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How Hezbollah Is Changing the War in Syria - and Vice Versa

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HEZBOLLAH SYRIA
Lebanese supporters of Shiite Hezbollah movement gather in the southern town of Bint Jbeil, to watch a televised address by Hassan Nasrallah, the movement's chief, to mark the 14th anniversary of the Israeli withdrawal from south Lebanon. Nasrallah said that the Syrian regime and the 'resistance axis' including his Lebanese Shiite militant movement would triumph in Syria's conflict. AFP PHOTO/MAHMOUD ZAYYAT (Photo credit should read MAHMOUD ZAYYAT/AFP/Getty Images) | MAHMOUD ZAYYAT via Getty Images

BEIRUT - Hezbollah is changing the shape of the war in Syria - but the war is also changing Hezbollah, with potentially far-reaching results.

Hezbollah's intervention in Syria has achieved significant gains: it has provided the Syrian regime momentum, averting its military defeat; dislodged rebels from areas adjacent to the borders; stopped further outrages against Shiites; and prevented a detrimental recalibration of the regional balance of power.

From Hezbollah's perspective, its intervention became a strategic necessity as the initial Syrian uprising morphed into a zero-sum regional war. It has come to see the potential loss of its Damascus ally as an existential threat, placing it next in line, and frames the war as being aimed at the so-called "axis of resistance" against Israel, which includes Hezbollah, Iran and the Syrian regime.

Moreover, the flow of foreign jihadis into the armed opposition constituted a genuine, long-term threat to Hezbollah. It declared a preemptive war against what it labels takfiris (Islamists who denounce others as infidels or impious), regardless of the differences and divergences among Syrian armed groups. In May 2013, Hezbollah publicly spearheaded an assault against Syrian rebels in the border town of Qusayr.

In February 2014, Hezbollah sent its troops to the Qalamoun mountains north of Damascus and led the campaign to capture Yabroud, allegedly the transit hub for car bombs smuggled into Lebanon that targeted the party, Iranian assets and predominantly Shiite neighborhoods. The party's detractors accuse it of deploying fighters across Syria, in particular in Deraa, Aleppo and Idlib, in addition to Damascus and its suburbs.

The result of this, however, has been that Hezbollah ("party of God" in Arabic), once widely respected by Sunnis in Syria and the region for its military struggle against Israel, is now frequently dubbed the "Party of Satan." However extreme, this labeling reflects the depth of the shift.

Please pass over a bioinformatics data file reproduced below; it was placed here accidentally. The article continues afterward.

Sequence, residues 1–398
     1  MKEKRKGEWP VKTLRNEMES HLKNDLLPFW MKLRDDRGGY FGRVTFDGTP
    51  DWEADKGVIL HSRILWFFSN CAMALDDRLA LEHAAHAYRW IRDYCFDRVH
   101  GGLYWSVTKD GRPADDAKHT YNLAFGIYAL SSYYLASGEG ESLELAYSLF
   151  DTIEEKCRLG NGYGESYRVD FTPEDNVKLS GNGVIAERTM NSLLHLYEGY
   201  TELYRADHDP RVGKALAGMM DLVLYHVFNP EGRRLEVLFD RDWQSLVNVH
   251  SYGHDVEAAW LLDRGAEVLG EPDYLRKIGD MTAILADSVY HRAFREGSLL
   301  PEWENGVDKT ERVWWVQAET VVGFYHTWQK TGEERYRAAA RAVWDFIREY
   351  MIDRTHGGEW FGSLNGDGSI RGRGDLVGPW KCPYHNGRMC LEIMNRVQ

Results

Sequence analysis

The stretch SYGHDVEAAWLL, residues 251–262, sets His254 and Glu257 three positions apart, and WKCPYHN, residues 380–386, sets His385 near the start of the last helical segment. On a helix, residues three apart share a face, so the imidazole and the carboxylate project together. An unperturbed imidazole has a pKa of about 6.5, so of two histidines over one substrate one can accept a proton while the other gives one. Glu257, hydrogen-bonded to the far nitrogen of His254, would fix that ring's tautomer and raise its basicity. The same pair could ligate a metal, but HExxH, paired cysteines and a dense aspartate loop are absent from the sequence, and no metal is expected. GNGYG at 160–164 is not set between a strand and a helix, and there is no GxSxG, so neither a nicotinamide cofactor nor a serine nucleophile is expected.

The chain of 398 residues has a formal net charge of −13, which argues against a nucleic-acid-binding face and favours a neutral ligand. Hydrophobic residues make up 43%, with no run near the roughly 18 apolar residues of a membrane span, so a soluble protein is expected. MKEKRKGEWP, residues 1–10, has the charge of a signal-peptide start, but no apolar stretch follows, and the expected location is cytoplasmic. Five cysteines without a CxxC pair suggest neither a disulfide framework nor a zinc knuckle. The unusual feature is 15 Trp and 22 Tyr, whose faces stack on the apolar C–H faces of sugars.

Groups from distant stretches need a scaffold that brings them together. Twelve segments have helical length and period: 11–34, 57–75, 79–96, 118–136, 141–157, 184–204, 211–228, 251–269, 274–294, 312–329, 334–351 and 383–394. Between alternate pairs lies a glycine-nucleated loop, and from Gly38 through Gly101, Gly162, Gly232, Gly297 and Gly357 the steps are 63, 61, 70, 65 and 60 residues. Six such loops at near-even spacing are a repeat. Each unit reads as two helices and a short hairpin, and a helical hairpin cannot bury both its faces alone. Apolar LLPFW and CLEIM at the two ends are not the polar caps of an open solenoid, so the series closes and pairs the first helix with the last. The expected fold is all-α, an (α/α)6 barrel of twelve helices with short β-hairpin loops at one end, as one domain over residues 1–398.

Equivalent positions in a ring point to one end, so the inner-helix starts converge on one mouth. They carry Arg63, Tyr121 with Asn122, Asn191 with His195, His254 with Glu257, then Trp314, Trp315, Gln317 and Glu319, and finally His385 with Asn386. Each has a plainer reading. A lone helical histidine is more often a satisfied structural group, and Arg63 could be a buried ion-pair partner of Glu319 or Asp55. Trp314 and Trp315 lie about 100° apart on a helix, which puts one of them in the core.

Hezbollah is being transformed by the conflict. Over many years, it meticulously built its reputation as an organization of principle. But it is now losing its hard-won soft power and growing more accustomed to relying on hard power to achieve its strategic objectives. The enmity this metamorphosis engenders is, ironically, fuelling the very same threats the party strives to repel. Its involvement ignites the extremism it is combatting as it deepens the regional sectarian rift. It also endangers its own strategic depth as it alienates wide segments of the Syrian population.

Despite the fact that the Syrian regime's immediate survival is no longer at stake and Lebanese-Syrian borders largely secured, as party leader Hassan Nasrallah has affirmed, Hezbollah is not providing signs that it will withdraw from Syria anytime soon. Some among the movement's regional and wider international critics might see a silver lining in these developments: Hezbollah is mired in a war of attrition in Syria, fighting a determined and radical enemy, and is distracted from its traditional focus on Israel. But the same vortex is pulling in both Hezbollah and its enemies, with no prospect of escape for either. Nor will the critics relish the spread of the Shiite jihadism that, alongside a growing Sunni jihadism, the Syrian war is nurturing.

This has grim implications for Lebanon, which depends for its well being on an always difficult balancing act among Shiites, Sunnis, Christians and Druze. Lebanon is holding itself together for now, through what is known as "the security plan," but the respite is likely temporary. Lebanon's Sunnis are frustrated; Shiites, whose memories of oppression and marginalization are still vivid, are eager not to lose political and social gains they have acquired in the past decades; and other confessional groups are caught in the middle.

The past two years' escalation - clashes in Tripoli, Saida and Arsal along with unprecedented waves of suicide attacks against Shiites - is only a foretaste of what could ensue if the security agreement breaks down. Lebanon has long lamented its political paralysis, the latest evidence of which is the leadership void as parliamentarians have failed repeatedly to agree on a new president. Yet, as the Syrian conflict deteriorates further, many Lebanese are hoping for just such a standstill - as a best-case scenario.

Sahar Atrache is a Lebanon analyst for International Crisis Group, whose latest report is "Lebanon's Hezbollah Turns Eastward to Syria."

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